Caretaker Czech Prime minister Jiri Rusnok and president Milos Zeman have denounced President Obama’s plans to bomb Syria not just as unwise but as actually illegal. In the United Nations Charter, which…
Caretaker Czech Prime minister Jiri Rusnok and president Milos Zeman have denounced President Obama’s plans to bomb Syria not just as unwise but as actually illegal.
In the United Nations Charter, which the US crafted and to which it is a signatory, there are only two grounds for going to war: self-defense and a UN Security Council resolution designating a country as a threat to world order. President Obama has neither consideration on his side in bombing Syria, though he did seem to make an argument that the use of chemical weapons anywhere is a de facto threat to all other nations, edging toward a rather implausible assertion of US self defense in Ghuta. The US political class either hasn’t read the UN charter or actively despises it, and if they were honest they would revoke their treaty obligations.
Czech officials compare the plans for the US to strike Damascus to the Clinton administration’s bombing of Serbia in the late 1990s, which they say killed innocent non-combatants in contrast to American pledges.
This development strikes me as a startling turn-around from 2003, when France and Germany criticized Bush’s invasion of Iraq but then Secretary of Defense Donald Rumsfeld could point to support from “new Europe,” the post-Soviet states of eastern Europe.
Zeman is a notorious Islamophobe who probably just hates the Syrian rebels, coding them as Nazis. He also denounces Bashar al-Assad as a dictator, but says there isn’t much to choose between the two. Still, the Czech Republic has an embassy in Damascus and Rusnok says there are Czech “interests” in Syria (probably referring to trade, including arms trade).
Poland hasn’t gone so far as to denounce the US for plotting illegal activity, but it has firmly declined to be involved in any military action vis-a-vis Syria. Prime Minister Donald Tusk referred to Polish troop deployments to Iraq and Afghanistan, saying: “We have experience in this part of the world, which shows that military intervention, even from the most obvious and noble motives, rarely produces the desired effect.” The US Neoconservative scorched earth tactics in pulling a ‘coalition of the willing’ into the cauldron of Iraq has left the US with virtually no allies save a handful of countries (chiefly France and Turkey) who wisely stayed out of the Iraq fiasco and so aren’t traumatized.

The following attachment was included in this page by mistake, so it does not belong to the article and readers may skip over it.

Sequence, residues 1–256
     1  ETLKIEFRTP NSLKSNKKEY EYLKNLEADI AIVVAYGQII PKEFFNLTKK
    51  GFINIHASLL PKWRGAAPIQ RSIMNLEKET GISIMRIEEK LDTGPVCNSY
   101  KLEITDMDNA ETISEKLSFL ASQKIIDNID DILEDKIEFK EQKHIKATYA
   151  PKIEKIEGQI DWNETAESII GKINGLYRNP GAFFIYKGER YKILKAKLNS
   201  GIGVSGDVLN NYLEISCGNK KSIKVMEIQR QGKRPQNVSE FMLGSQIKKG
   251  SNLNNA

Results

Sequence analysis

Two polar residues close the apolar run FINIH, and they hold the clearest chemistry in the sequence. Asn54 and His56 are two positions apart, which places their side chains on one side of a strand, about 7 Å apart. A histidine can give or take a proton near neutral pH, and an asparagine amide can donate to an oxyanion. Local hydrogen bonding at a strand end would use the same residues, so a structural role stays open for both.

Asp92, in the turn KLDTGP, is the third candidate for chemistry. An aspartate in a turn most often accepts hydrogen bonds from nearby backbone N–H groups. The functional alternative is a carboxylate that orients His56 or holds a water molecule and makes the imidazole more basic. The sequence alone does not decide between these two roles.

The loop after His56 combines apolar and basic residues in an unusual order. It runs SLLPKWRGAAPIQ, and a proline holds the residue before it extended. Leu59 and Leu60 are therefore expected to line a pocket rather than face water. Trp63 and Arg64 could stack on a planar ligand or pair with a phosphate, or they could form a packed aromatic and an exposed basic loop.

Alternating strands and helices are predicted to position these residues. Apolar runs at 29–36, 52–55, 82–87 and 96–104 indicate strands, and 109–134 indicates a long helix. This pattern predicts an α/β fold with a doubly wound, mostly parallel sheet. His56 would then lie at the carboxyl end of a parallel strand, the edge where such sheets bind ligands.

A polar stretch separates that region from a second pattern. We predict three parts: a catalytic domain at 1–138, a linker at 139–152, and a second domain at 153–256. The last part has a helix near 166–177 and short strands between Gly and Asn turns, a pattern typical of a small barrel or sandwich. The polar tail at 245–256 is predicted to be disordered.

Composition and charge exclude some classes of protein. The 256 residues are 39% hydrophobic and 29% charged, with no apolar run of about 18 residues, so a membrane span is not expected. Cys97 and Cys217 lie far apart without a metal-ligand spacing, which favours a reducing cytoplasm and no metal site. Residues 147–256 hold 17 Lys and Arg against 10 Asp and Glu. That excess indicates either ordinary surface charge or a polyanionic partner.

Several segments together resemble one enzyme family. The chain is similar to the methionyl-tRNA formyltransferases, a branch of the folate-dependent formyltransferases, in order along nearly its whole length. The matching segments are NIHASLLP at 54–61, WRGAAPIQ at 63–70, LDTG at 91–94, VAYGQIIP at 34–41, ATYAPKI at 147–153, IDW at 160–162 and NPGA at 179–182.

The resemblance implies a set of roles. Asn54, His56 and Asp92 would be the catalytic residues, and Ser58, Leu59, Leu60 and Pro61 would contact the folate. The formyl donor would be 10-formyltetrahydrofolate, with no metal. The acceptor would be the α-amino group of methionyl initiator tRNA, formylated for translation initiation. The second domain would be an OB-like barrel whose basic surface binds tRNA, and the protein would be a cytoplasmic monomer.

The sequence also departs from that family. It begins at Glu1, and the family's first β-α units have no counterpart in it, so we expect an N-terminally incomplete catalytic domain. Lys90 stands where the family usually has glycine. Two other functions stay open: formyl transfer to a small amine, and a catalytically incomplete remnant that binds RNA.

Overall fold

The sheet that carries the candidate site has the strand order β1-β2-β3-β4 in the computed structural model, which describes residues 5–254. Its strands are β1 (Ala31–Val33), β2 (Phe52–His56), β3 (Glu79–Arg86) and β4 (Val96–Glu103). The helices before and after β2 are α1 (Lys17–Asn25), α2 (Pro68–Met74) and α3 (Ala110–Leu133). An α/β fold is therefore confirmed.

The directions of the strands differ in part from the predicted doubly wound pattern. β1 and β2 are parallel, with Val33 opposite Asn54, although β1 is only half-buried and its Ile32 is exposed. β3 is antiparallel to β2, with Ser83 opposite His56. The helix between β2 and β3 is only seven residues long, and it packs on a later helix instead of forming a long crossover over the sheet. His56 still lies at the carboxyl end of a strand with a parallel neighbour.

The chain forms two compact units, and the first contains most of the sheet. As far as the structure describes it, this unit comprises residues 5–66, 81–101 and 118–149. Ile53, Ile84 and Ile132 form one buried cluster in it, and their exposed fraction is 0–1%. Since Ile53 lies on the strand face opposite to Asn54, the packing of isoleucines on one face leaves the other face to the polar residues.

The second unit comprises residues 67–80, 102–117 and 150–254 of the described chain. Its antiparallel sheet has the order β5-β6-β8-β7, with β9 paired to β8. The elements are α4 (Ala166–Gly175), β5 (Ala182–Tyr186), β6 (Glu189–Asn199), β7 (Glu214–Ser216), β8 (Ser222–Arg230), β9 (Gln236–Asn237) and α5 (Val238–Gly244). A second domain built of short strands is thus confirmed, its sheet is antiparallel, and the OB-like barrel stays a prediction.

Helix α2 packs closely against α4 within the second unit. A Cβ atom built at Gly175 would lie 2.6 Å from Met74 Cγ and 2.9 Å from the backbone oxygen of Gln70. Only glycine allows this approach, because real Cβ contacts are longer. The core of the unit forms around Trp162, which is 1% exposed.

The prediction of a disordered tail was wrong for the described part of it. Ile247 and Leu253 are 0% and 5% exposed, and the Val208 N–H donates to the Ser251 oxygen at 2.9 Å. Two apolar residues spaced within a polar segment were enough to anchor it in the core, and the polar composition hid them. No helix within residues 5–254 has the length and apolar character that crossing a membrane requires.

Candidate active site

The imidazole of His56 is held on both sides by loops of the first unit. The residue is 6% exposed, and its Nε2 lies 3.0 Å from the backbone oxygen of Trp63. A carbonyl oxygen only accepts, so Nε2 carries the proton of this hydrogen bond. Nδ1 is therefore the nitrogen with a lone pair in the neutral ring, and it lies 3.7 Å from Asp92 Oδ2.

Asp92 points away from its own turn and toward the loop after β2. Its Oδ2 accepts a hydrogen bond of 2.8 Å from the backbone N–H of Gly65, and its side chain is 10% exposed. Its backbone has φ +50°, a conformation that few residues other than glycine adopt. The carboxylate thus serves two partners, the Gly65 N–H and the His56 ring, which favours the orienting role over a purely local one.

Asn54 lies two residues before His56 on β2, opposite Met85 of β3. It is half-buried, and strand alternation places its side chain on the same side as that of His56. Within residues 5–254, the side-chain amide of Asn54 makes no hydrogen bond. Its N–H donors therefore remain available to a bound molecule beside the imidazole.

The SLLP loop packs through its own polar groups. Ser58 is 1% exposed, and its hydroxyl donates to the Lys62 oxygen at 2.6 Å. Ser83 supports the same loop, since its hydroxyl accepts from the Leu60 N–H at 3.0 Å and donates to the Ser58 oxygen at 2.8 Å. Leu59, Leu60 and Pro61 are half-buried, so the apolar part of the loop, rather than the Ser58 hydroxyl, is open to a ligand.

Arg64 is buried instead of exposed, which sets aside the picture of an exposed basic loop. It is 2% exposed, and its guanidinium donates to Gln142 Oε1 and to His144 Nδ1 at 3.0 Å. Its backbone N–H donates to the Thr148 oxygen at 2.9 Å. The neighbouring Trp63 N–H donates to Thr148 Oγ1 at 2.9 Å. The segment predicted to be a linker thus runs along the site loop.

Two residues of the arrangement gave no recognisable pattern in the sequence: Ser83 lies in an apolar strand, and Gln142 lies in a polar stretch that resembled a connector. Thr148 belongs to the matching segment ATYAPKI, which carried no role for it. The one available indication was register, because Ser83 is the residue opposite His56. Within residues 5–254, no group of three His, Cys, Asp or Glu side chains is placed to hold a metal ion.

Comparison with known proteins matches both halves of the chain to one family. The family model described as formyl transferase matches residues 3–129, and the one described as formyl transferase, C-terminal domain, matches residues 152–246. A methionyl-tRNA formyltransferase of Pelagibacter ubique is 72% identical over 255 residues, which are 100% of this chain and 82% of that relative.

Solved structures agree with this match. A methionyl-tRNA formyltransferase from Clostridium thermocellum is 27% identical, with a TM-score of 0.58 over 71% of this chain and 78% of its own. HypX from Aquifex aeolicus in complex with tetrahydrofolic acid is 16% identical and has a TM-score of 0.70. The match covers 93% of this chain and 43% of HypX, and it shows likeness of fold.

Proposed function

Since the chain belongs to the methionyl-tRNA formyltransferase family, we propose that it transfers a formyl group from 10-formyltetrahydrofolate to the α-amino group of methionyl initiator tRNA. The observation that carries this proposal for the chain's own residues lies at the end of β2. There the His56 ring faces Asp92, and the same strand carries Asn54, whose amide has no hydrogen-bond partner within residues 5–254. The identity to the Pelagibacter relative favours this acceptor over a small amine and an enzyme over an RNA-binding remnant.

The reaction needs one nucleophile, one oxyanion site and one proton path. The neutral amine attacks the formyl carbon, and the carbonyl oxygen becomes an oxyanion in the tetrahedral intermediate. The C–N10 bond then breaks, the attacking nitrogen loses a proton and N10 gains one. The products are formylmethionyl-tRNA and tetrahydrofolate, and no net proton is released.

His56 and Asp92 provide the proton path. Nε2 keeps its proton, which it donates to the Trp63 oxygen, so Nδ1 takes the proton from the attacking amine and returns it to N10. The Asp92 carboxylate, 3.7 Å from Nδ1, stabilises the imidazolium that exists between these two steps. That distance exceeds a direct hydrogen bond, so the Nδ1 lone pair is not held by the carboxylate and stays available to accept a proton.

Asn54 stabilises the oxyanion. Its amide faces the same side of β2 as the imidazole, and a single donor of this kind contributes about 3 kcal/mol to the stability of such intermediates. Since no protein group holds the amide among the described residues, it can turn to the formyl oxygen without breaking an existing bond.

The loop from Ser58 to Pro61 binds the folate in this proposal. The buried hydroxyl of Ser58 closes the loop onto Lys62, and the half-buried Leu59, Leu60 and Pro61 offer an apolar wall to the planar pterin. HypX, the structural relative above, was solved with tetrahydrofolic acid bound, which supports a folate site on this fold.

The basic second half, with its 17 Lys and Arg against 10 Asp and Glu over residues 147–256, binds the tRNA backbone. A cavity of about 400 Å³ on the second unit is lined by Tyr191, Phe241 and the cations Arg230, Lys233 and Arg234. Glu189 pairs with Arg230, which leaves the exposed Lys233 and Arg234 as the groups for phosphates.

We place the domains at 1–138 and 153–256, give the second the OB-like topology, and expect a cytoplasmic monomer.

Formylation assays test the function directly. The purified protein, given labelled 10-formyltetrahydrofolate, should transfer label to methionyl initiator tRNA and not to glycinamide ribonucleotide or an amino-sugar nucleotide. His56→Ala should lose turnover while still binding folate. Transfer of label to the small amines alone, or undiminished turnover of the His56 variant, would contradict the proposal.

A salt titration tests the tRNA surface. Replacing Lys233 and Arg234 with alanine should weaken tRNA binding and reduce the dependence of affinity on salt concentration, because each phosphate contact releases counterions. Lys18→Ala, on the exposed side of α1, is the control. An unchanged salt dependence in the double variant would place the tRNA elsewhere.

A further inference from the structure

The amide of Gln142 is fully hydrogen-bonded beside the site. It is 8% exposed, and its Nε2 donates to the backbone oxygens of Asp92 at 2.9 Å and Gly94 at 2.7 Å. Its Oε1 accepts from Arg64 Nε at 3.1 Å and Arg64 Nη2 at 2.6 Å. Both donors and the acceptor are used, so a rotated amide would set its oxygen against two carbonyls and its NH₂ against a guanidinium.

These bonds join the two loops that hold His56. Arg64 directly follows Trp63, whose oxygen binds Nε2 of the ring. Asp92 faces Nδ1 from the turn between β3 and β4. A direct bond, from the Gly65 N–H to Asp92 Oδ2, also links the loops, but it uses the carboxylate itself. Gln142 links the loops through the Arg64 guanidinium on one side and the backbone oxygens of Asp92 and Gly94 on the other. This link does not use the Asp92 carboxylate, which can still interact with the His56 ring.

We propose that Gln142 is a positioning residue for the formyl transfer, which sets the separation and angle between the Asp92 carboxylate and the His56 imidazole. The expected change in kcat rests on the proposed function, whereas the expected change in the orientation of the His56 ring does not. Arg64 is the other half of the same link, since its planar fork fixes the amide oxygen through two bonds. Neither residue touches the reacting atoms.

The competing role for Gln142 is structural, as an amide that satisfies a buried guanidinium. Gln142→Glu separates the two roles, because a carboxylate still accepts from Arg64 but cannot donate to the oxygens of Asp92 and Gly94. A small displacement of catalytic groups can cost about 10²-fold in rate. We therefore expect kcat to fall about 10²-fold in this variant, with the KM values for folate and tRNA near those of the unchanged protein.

Poland is suggesting a face-saving way out, that Russia should intervene with its Syrian ally to extract pledges and ensure that chemical weapons are not used again. (Unfortunately, Russia is in complete denial about the Baath regime’s chemical weapons use and so at the moment not exactly helpful).
One of the differences between Syria and Iraq is that Syria is not very far from eastern Europe. For Bulgaria, the anxiety about an American attack mainly centers on fears that it will create a whole new wave of Syrian refugees in that country, which is already facing a refugee crisis from the Syrian influx.
Although many in Western Europe (including the British parliament) also oppose unilateral American action, Eastern European opposition, especially the Polish, is one reason that NATO has said that it won’t be aboard with a US attack.
In essence, the US is flanked only by France, Israel and Turkey publicly, and behind the scenes by Qatar and Saudi Arabia. It is a much diminished, pitiful coalition of the willing.
Ironically, the breathtaking illegality of the US war on Iraq may have over the succeeding decade given the UN charter and international law more standing than it had ever had before, at least in world political rhetoric. To have even a ethnically chauvinist government like that of the Czech Republic invoke it against the United States is mind-boggling.